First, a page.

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PROM 25 - Jarrell, Berlioz Beethoven: BBC National Orchestra of Wales/Thierry Fischer, Royal Albert Hall, London, 3.8.2009 (J-PJ)

Les Francs-Juges Overture
Michael Jarell: Sillages
Berlioz: Symphonie Funèbre et Triomphale
Beethoven: Symphony No.3 in E flat, ‘Eroica’

As an enthusiast of the new ‘cathedrals’ of the industrial age – factories, railway stations and the like – Berlioz would have approved of the performance of his Symphonie Funèbre et Triomphale in the Royal Albert Hall. Originally composed and performed in 1840 for an open air procession and ceremony to commemorate the fallen of the July Revolution a decade earlier, the work benefited from the hall’s huge space and reverberant acoustics. This was the first airing of the Symphonie for 26 years, and Thierry Fischer and the forces of the BBC National Orchestra of Wales gave a performance to remember. Dominated by brass and percussion, the opening Marche Funèbre was suitably stark, with Fischer keeping a tight rein on the tempo. The tension relaxed in the central Oraison, with it’s plaintive trombone soliloquy – sympathetically and flawlessly played by Donal Bannister. The final Apothéose proved suitably rousing, although the omission of the chorus for the last 60 bars slightly lessened the sense of haunting finality.

Fischer had already opened the concert with an insightful account of Berlioz’s overture to his early opera Les Francs-Juges. The opening brass and percussion fanfares and the lively but increasingly complex violin theme clearly link this work to Berlioz’s later output, including the Symphonie Funèbre et Triomphale. Some initial imbalance between the brass, woodwind and strings aside, this was a satisfying performance.

Sandwiched between the two Berlioz works lay the world premiere of a revision by Swiss composer Michael Jarrell of his Sillages (Trials). The first movement, first performed in 2005, is a reworking of Jarrell’s 1988 Congruences. The second movement is entirely new, and features extended solo and ensemble passages for flute, oboe and clarinet. The main interest of the first movement is the skilful way in which Jarrell recreated the computer parts of the original Congruences for full orchestra. In the second section, the solo instruments are given much more prominence, although their lack of individual identity give the piece the overall effect of an extended cadenza rather than a triple concerto. Exceptionally well played by the soloists and orchestra, Sillages nevertheless seemed to lack focus and direction.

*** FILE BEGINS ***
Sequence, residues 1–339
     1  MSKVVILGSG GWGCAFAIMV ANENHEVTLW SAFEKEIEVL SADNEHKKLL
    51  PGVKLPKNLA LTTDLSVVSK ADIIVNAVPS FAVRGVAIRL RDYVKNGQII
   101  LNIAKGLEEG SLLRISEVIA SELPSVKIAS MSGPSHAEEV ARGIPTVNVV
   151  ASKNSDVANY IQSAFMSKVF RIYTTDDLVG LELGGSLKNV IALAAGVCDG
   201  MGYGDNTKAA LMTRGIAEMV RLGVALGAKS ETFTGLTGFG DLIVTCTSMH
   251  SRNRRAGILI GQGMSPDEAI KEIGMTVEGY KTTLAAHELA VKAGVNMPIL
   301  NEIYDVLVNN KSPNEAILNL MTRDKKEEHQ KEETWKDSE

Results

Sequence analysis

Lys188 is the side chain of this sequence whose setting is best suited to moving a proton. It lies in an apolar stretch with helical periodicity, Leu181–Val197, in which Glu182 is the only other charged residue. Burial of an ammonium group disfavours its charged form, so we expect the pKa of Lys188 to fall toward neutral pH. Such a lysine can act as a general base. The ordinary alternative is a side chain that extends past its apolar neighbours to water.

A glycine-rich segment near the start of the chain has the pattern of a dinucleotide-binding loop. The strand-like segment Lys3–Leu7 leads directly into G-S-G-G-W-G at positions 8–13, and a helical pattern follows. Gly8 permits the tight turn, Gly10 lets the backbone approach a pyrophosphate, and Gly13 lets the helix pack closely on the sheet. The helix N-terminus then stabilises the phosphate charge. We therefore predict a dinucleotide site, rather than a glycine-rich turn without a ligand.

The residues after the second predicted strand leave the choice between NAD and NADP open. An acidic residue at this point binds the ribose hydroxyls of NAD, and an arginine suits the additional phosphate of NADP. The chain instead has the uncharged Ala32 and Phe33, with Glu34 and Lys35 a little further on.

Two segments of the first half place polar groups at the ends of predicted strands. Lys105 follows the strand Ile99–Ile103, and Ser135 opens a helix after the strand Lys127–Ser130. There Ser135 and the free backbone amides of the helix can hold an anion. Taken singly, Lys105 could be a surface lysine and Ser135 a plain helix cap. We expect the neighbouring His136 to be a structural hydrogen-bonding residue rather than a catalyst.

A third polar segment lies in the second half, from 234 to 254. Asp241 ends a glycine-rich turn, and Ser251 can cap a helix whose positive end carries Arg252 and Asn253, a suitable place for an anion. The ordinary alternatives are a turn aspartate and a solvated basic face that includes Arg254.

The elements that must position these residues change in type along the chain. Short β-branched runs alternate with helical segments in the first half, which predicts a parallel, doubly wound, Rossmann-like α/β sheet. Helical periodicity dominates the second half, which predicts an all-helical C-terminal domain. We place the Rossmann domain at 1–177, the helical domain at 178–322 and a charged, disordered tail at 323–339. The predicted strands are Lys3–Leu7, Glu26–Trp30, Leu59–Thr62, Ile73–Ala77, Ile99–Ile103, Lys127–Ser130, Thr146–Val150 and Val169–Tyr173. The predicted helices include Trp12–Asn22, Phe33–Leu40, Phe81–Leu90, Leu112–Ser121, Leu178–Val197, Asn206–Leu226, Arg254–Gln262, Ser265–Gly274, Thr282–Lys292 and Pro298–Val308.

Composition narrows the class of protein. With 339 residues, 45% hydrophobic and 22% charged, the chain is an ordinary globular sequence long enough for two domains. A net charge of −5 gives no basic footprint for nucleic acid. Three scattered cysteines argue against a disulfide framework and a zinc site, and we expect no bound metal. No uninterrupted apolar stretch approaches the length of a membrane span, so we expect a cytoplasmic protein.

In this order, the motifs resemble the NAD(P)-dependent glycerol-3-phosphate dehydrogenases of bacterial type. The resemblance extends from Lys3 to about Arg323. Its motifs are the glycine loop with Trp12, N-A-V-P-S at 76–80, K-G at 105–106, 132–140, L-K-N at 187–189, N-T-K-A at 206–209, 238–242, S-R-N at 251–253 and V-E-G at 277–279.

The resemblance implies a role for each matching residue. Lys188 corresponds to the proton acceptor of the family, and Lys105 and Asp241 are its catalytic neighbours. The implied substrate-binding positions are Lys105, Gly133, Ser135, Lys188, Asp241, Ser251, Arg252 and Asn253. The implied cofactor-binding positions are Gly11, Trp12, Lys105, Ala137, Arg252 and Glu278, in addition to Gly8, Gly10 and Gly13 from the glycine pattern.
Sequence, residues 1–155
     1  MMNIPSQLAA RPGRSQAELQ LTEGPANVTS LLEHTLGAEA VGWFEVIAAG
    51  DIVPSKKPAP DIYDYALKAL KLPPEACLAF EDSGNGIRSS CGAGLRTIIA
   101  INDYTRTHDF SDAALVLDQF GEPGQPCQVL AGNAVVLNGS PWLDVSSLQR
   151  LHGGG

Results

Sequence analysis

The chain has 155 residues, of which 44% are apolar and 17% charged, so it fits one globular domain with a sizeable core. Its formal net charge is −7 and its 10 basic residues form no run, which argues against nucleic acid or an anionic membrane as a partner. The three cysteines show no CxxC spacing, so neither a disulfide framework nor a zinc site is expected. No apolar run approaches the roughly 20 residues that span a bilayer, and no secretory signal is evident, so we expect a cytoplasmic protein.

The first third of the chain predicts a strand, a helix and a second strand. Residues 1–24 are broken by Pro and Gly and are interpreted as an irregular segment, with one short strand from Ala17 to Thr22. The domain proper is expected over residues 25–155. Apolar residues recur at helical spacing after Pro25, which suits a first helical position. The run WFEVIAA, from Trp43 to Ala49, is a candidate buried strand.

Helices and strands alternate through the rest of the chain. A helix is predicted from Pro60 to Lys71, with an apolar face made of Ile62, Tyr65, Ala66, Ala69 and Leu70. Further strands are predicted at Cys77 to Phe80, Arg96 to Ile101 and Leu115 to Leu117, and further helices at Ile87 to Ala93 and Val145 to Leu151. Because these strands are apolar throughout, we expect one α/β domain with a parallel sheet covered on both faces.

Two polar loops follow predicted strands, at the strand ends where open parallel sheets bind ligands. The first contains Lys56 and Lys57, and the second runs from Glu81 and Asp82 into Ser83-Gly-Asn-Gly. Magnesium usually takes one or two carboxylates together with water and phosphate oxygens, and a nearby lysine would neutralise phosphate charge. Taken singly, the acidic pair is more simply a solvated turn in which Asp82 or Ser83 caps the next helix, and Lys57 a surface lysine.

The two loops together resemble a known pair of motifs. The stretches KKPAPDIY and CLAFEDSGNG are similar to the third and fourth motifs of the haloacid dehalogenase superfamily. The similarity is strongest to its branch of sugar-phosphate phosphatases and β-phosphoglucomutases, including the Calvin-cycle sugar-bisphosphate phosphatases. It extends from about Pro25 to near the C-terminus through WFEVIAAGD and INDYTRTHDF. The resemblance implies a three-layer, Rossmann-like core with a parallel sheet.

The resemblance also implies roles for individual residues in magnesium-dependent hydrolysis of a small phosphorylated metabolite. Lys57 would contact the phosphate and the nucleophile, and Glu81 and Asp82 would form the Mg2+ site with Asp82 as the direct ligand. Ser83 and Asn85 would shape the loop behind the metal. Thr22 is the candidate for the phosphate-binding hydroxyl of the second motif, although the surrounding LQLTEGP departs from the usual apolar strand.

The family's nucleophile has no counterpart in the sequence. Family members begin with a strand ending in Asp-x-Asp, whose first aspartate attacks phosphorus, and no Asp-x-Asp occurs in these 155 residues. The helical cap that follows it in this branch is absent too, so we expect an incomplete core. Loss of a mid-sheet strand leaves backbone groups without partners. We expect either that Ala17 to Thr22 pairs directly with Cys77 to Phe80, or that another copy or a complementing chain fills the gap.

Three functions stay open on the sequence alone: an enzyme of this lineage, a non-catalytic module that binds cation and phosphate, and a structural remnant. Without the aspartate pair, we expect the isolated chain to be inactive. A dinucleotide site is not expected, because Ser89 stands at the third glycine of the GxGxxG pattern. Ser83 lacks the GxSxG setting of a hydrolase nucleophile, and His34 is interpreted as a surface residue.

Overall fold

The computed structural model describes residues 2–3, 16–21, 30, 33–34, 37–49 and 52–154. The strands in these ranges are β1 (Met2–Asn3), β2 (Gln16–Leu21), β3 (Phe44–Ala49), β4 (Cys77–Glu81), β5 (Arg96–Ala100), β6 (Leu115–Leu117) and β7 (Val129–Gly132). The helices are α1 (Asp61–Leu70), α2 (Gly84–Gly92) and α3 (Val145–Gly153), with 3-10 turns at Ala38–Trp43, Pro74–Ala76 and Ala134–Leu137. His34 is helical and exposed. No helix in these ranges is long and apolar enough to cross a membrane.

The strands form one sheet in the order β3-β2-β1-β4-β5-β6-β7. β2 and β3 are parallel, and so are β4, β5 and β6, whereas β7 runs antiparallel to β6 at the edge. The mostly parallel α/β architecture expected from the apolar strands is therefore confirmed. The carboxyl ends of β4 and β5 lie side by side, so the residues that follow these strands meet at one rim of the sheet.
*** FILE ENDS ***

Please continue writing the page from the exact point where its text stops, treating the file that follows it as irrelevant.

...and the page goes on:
The final third of the concert was taken up by Beethoven's ‘Eroica’ Symphony. With its ‘heroic’ and revolutionary connotations, the symphony has clear links musically and historically with Berlioz. Fischer and the BBCNOW provided a fully charged reading of what could have been an anti-climax. The first movement was firmly paced, although it didn’t quite reach the heights of heroic grandeur. The ensuing funeral march had a nimbler tempo than usual, lending it a fitting sense of classical grace. The wit of the scherzo was initially marred by a muddled entry of the trio of horns, but after they had quickly rallied, the movement became much more cohesive. The complex finale was well handled, particularly in the intricate fugal sections. The vitality of the final coda brought the symphony bounding to a close and drew an appreciative response from the audience. 

John-Pierre Joyce


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